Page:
“How to Blow Up a Pipeline” Movie Review — A Gripping Yet Frustrating Climate Change Thriller
An urgent call to action, director Daniel Goldhaber’s “How to Blow Up a Pipeline” is riveting, nail-biting, and heavily streamlined — impossible to look away from but not taking full advantage of its narrative potential.
Inspired by the 2021 nonfiction book of the same name by Andreas Malm — an eco-manifesto arguing for sabotage as a form of climate activism and critiquing pacifist protest — Goldhaber’s film presents a fictionalized dramatization of Malm’s thesis. In the film, a group of rebellious, righteous, mostly Gen-Z characters from across the U.S. attempt to blow up an oil pipeline in West Texas.
Each of them is personally affected by climate change and the oil industry. Xochitl (Ariela Barer), the de facto leader of the group, is mourning her mother who died during a heat wave. Theo (Sasha Lane) suffers from a rare form of leukemia caused by environmental pollution. She’s joined by her girlfriend, Alisha (Jayme Lawson), who’s committed to the cause and supportive of Theo’s ideals, yet fearful of the repercussions.
There’s Shawn (Marcus Scribner), a filmmaker’s assistant wanting to make a tangible impact on the world; the severe Michael (Forrest Goodluck), an amateur bomb maker enraged that his home in North Dakota has been taken over by oil workers; and Dwayne (Jake Weary), a Texas local whose land has been encroached on by the pipeline. They’re joined by the grungy couple Rowan (Kristine Froseth) and Logan (Lukas Gage), unruly souls wanting to fight the system and take plenty of drugs along the way.
With a tight, 99-minute runtime, Goldhaber and co. never let the film’s stranglehold grip subside, keeping suspense dialed up to 11 throughout. Complemented by lived-in performances, immersive cinematography, a no-frills structure, and Gavin Brivik’s panic-inducing score, “Pipeline” raises important questions about a real threat against humanity and what can be done to combat it. Goldhaber’s film, however, functions better as a set of ideas (vividly brought to life) than a traditional narrative. Simplified characterizations and a rushed dénoument hold it back from digging into its topics on a deeper level.
Despite its limitations, “Pipeline” is marvelously watchable: presented with fly-on-the-wall immediacy that consistently presents new hurdles for the team to overcome. Cinematographer Tehillah De Castro uses swirling long takes, ‘70’s-esque zooms, and intense close-ups, captured in 16 mm, to convey ratcheting stress amid stinging sand and dripping sweat. Shots positioning characters against backdrops of oil refineries (reminiscent of fire-spewing beasts) are particularly evocative.
Combined with Brivik’s whirring, electronic-infused score, stellar sound design amplifying elements including each “click” of Michael’s bomb-making materials, the hair-raising thud of an improvised explosive being lugged into position, or a rope beginning to fray, “Pipeline” is rarely less than intense. Each sequence is presented with a grounded, lower-budget style that doesn’t feel overly sensationalized or polished, in keeping with the characters’ guerilla tactics.
The film’s structure is similarly stripped-down, with both benefits and drawbacks. Goldhaber and co. break up the action — often right before or after moments of peril — to provide one-or-two-scene backgrounds to each person, occasionally revealing (somewhat contrived) plot twists. Although this approach maintains momentum, it sets up cliff-hanger scenarios frustratingly interrupted by backstory, prompting a manipulative cycle of anticipation and release as we’re abruptly zapped back-and-forth in time at pivotal junctions.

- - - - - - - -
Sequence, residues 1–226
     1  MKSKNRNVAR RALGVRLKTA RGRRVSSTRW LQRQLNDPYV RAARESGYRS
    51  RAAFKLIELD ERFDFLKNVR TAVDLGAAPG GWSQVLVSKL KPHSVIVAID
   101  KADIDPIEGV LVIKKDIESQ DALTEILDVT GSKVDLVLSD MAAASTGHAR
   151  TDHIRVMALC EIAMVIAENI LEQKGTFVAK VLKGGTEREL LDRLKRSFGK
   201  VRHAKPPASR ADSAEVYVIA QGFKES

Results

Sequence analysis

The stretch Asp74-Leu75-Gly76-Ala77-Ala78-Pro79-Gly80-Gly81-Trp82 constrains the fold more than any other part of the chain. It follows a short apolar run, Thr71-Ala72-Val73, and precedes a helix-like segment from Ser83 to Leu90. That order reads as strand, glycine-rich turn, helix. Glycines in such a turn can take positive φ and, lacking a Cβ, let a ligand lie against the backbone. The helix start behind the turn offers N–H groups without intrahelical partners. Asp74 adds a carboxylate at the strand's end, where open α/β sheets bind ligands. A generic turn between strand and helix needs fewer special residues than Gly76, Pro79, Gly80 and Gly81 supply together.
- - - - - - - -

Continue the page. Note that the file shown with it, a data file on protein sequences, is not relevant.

This structural “efficiency” also creates emotional distance. Indeed, “Pipeline” tries to check a wide swath of motivational boxes with its characters — they are symbols rather than three-dimensional human beings. They’re painted in broad strokes, packaged with heavy-handed dialogue lacking textured insight.
Unlike other “heist” films, there are no experts to be found here, only passionate, somewhat impulsive people eager to take direct action against an issue that threatens their future, regardless of consequences. It’s a shame, then, that “Pipeline” doesn’t treat them with the depth they deserve, especially Shawn, who isn’t as overtly impacted by the oil industry, but feels a need to act anyway. His perspective and arc, given less obvious motivation than Xochitl or Theo, is comparably surface level.
The ensemble is ever-watchable as they nonverbally manifest inner drives and mounting nervousness — Goodluck and Weary stand out with their reserved roles; Michael and Dwayne simmer with pent-up rage — but in attempting to remain a piece of propulsive entertainment, the film isn’t really focused on who they are as people, or what the aftermath of their decisions entails. “Pipeline” centers the titular act itself over the people involved — sparking a conversation about what tactics are “ethical” to confront existential issues when people in power refuse to act, but simultaneously shrouding its actors behind an ideological curtain.
It’s saying a lot that, despite all these issues, “Pipeline” remains an absorbing watch. Goldhaber is a talented director with a clear point of view and formal skill, albeit one grasping, and falling short, of achieving a more radical, involving story for our times.
“How to Blow Up a Pipeline” is a 2022 drama-crime-thriller directed by Daniel Goldhaber and starring Forrest Goodluck, Jake Weary, Ariela Barer, Jayme Lawson and Sasha Lane. It is rated R for language throughout and some drug use and the runtime is 1 hour and 43 minutes. The movie opens in theaters April 14. Alex’s Rating: B.
Alex McPherson is an unabashed pop culture nerd who contributes movie reviews for Cultured Vultures and Pop Life STL. He is also a member of the St. Louis Film Critics Association.